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  • Bottomline summary on CC inflows: actual returns and reimbursements are categorized back to the original category because you want to "cancel" that spending. Everything else (typically) comes in as To Be Budgeted.

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  • dakinemaui said:
    Actually, it doesn't go into the budget at all. (I can hear the needle scratch in your mind already. 😉)

     Nice metaphor, but actually, this helps a lot.  Since everything else that goes to TBB *is* cash, and thus shows up as money available for budgeting, I'm instinctively expecting the CC inflow going to TBB to be treated the same way.  So, I need to think about CC inflows going into TBB differently.  You mention it being a "discount" earlier - is that the right way to conceptualize it?  My credit card company is oh-so-generously reducing my balance due, and YNAB can understand what's going on and knows not to treat that like cash in my budget?  I think that last part is the kicker.  Does YNAB understand how to handle this because it's an inflow on an account I set up as a credit account, rather than as a checking account?  By contrast, when my bank pays interest, and I put that to TBB, YNAB seems to understand and increases my available money for budgeting.  I think I understand what steps I'm supposed to be taking, but I feel much more comfortable relying on the software if I understand the *why*.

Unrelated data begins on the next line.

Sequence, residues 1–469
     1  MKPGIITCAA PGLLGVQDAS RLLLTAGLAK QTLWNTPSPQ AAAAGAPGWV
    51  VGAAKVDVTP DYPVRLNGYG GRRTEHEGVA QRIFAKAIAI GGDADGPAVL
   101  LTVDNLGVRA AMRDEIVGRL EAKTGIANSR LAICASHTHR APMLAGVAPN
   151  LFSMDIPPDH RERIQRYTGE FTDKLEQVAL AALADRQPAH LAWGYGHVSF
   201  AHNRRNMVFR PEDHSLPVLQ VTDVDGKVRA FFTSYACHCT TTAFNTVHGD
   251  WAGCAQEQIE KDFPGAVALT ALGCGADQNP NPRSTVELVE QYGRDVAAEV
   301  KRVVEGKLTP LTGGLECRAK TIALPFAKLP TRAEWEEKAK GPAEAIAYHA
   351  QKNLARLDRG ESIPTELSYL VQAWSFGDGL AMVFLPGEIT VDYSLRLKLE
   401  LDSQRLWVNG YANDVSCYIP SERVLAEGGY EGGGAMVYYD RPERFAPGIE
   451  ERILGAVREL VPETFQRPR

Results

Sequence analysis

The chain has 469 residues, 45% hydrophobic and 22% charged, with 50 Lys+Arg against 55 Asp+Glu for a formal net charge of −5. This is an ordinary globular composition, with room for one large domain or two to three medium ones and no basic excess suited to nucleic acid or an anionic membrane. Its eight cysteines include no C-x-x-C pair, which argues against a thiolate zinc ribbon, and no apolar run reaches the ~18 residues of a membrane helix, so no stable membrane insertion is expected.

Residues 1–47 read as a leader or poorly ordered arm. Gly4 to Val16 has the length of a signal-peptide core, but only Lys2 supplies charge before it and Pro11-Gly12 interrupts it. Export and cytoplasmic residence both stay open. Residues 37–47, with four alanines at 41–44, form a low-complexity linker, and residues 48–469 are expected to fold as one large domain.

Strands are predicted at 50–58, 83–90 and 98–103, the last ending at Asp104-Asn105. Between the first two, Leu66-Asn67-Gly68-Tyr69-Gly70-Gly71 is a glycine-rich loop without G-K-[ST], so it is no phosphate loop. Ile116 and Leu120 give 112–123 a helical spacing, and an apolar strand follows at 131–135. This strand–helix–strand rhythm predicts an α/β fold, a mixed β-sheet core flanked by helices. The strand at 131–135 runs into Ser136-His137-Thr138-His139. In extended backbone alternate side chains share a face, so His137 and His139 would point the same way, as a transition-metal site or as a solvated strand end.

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  • Steel Blue Yeti said:
    Does YNAB understand how to handle this because it's an inflow on an account I set up as a credit account, rather than as a checking account?

    Exactly.

    IMHO, YNAB should display "Debt Management" instead of "To Be Budgeted" in all credit-based accounts. That's exactly what is implemented, and this would eliminate the reoccuring confusion about why something the user has denoted as "To Be Budgeted" cannot, in fact, be budgeted. Feature request form is on the main support page. 😉

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  • dakinemaui said:
    c onfusion about why something the user has denoted as "To Be Budgeted" cannot, in fact, be budgeted.

     It also drives me crazy that the "Overspent in <Previous Month>" budget header will show $0 even if you did, in fact, overspend.

    I really despise the way YNAB handles credit cards.

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    • bret Definitely some improvements over YNAB4 for the masses, but it's far from perfect. Lots of room for improvement, if they would only listen to Feature Requests. I've given up making them.